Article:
Proposed Changes to the Nova Scotia Environment Act
September 6, 2011
By Michael Simms, at McInnes Cooper
Nova Scotia Environment (“NSE”) recently released a discussion paper addressing its suggested changes to the Environment Act, 1994-95, c. 1 (the “Act”).
We are pleased to provide you with this outline of the most significant proposed changes, and our comments regarding how these changes may affect your business. Also note, NSE is accepting comments on its proposals until September 6, 2011.
(1) ALTERNATIVES TO APPROVALS
Currently, all activities regulated under the Act must undergo the same approval process. NSE would like to replace this “one size fits all” method with an approach that recognizes the different levels of risk and complexity associated with different activities. NSE proposes the Act be amended to authorize NSE to develop alternative ways to regulate activities, such as: registrations, notifications, permits, licences, and codes of practice.
If this proposal is implemented, approvals for lower risk activities may be expedited, however, NSE would also have the potential to gain far more discretionary power to create regulatory requirements and compliance obligations.
(2) DEFINITION OF “ADVERSE EFFECT”
As a result of the current definition of “adverse effect” in the Act, NSE has to deal with “nuisance” issues that pose no risk to the environment. NSE suggests changing the definition of “adverse effect” to remove reference to effects on “the reasonable enjoyment of life and property”.
(3) TIMELINES FOR PROCESSING APPROVAL APPLICATIONS
NSE proposes certain approval timelines be eliminated from the Act in favour of “a service standard that provides stakeholders with a reliable expectation of processing times”. This change may result in timelines that are less binding on NSE.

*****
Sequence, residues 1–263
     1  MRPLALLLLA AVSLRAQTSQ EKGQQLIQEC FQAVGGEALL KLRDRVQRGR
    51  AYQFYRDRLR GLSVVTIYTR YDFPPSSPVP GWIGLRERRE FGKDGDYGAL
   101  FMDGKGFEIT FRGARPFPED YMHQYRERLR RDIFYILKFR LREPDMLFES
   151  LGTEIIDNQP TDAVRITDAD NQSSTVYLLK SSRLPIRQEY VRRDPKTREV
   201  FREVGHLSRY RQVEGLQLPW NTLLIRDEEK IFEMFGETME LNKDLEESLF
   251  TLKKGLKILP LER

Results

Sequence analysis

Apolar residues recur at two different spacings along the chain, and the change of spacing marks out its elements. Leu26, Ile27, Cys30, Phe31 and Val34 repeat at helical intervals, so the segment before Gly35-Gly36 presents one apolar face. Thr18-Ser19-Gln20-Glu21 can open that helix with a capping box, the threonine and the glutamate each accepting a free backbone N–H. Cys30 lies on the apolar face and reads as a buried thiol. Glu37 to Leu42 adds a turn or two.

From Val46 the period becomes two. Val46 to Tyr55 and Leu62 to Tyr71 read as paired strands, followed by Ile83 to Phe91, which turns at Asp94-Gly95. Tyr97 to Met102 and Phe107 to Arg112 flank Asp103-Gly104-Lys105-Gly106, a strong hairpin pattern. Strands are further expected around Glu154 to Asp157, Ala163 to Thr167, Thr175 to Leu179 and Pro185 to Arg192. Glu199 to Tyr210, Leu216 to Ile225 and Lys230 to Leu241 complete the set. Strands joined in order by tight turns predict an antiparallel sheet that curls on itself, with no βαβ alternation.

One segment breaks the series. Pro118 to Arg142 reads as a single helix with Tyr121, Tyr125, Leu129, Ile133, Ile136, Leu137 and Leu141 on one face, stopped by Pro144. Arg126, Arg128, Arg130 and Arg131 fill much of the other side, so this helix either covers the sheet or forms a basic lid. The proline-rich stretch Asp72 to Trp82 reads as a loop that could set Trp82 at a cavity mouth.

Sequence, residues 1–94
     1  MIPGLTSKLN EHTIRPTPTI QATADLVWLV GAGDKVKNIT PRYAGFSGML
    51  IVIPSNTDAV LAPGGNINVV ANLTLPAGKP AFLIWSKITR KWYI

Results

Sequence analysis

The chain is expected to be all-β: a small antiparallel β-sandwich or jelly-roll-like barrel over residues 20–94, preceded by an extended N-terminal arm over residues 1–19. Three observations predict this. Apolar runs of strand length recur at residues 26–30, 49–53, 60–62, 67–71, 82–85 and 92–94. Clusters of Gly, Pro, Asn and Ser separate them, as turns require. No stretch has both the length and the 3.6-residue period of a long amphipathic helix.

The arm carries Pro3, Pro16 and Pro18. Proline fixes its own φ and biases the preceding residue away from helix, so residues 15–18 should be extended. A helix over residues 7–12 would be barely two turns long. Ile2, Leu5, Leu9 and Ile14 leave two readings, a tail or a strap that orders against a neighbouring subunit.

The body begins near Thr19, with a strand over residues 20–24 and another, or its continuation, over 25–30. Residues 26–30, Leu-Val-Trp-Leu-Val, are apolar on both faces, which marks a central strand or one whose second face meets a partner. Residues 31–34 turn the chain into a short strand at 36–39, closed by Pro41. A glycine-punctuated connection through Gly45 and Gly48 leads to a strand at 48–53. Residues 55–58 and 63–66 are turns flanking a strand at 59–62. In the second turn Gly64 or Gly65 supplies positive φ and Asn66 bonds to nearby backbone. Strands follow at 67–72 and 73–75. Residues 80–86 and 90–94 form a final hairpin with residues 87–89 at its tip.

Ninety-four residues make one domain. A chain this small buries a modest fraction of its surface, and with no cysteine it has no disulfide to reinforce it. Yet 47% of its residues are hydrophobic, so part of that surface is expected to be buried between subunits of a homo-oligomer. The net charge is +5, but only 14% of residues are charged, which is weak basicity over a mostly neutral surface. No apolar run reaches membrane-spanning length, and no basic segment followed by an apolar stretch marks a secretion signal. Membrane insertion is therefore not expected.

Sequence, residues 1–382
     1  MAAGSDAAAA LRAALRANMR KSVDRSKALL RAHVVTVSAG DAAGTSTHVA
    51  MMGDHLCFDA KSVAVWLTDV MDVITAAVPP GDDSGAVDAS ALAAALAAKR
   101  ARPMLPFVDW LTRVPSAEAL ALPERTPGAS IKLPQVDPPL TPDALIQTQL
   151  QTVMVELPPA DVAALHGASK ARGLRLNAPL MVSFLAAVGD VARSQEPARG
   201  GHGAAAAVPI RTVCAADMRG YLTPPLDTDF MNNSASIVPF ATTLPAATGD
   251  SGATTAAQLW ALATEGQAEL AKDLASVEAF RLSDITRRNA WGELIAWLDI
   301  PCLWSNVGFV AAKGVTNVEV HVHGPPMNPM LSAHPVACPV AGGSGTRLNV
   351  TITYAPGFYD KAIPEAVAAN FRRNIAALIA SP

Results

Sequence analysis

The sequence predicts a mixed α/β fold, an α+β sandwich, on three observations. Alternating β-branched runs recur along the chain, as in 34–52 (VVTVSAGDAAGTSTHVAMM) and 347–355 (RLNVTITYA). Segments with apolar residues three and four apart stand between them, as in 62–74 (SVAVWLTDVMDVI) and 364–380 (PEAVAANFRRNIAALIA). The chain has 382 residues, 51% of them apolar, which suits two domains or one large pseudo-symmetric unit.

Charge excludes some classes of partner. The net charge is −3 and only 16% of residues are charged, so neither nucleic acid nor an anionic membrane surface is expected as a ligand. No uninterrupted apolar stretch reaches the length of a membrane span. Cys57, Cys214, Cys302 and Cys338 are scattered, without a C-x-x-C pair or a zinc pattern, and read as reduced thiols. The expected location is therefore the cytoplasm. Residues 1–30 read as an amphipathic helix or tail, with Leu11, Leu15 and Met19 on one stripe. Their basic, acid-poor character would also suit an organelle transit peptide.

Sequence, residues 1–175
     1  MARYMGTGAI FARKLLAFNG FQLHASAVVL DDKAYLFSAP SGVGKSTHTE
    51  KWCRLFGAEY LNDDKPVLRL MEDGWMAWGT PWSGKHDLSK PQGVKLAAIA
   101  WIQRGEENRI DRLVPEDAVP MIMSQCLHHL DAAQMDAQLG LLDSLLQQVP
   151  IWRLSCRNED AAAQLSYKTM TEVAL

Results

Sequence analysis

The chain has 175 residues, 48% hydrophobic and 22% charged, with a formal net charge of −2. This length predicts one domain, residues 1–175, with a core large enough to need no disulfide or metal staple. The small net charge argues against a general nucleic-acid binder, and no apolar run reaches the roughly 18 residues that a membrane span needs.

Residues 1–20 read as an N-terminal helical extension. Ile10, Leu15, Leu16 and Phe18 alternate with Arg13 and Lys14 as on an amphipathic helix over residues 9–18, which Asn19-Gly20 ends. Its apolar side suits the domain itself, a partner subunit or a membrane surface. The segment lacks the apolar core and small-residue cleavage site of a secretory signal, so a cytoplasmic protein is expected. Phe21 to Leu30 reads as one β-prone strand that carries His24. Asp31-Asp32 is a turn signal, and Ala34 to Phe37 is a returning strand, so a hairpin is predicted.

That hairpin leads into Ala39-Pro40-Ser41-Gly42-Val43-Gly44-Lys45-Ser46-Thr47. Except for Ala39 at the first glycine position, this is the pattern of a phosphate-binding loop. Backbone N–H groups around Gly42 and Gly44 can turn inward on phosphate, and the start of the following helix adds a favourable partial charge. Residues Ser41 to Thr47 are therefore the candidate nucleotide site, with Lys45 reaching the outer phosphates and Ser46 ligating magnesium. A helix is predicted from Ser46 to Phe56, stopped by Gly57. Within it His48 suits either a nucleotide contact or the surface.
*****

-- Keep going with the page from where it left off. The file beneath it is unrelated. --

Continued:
(4) PROCESS FOR ISSUING EMERGENCY ORDERS
Currently, the Act requires NSE to have emergency orders reviewed and signed by the Minister of Environment (the “Minister”). NSE would like to see this requirement replaced with a policy requiring inspectors to inform their supervisors when issuing an emergency order. This approach could result in less ministerial oversight of emergency orders.
(5) DUTY TO REPORT SPILLS OR RELEASES
NSE proposes the current spill reporting requirements be broadened to apply to persons who would tend to become aware of spills or releases during the course of their work, such as consultants. This could have extensive implications for the relationship between consultants and their clients, and would place a new, and potentially burdensome, reporting obligation on persons who may be unconnected with a spill or release.
(6) MINISTER’S ABILITY TO CANCEL OR SUSPEND AN APPROVAL
Currently the Minister can cancel or suspend an approval where an adverse effect has occurred. NSE proposes the Act be amended to allow the Minister to cancel or suspend an approval when the Minister learns there is a likelihood of an adverse effect. Details have not been provided to clarify what type of evidence would be required to prove the “likelihood” of an adverse effect.
(7) AMENDING APPROVALS ISSUED BEFORE 1995
NSE proposes the Act be amended to allow it to review and amend certain approvals issued before 1995. The intent is to bring these approvals up-to-date with current practices and standards. Information has not been provided on what pre-1995 approvals may be targeted or what the timeline for complying with new requirements would be.
(8) DEFINITION OF “SUBSTANCE”
NSE proposes to broaden the definition of “substance” in the Act to capture spills and releases that may not currently be included in the current definition. NSE does not provide information on what types of substances it believes are not currently captured by the definition. Broadening the definition could have implications for businesses that may currently be releasing substances in compliance with the Act and regulations.
(9) ADMINISTRATIVE PENALTIES
NSE is also considering whether the Act should be amended to provide it with the authority to introduce administrative penalties at a future date. Administrative penalties can be a quick and efficient way to deal with minor violations and avoid lengthy proceedings through the court system, that can result in a criminal record. However, administrative penalties can be problematic if they are adopted without appropriate safeguards, such as viable appeal provisions, reasonable limits on fines and a requirement to provide reasons.
The NSE discussion paper is conceptual in nature and does not set out specific details of the proposed amendments. As NSE develops the details of its proposals, it will be important for those who are regulated by NSE to review such proposals in detail in order to understand how such changes may affect them, and to raise any concerns they may have with such amendments.
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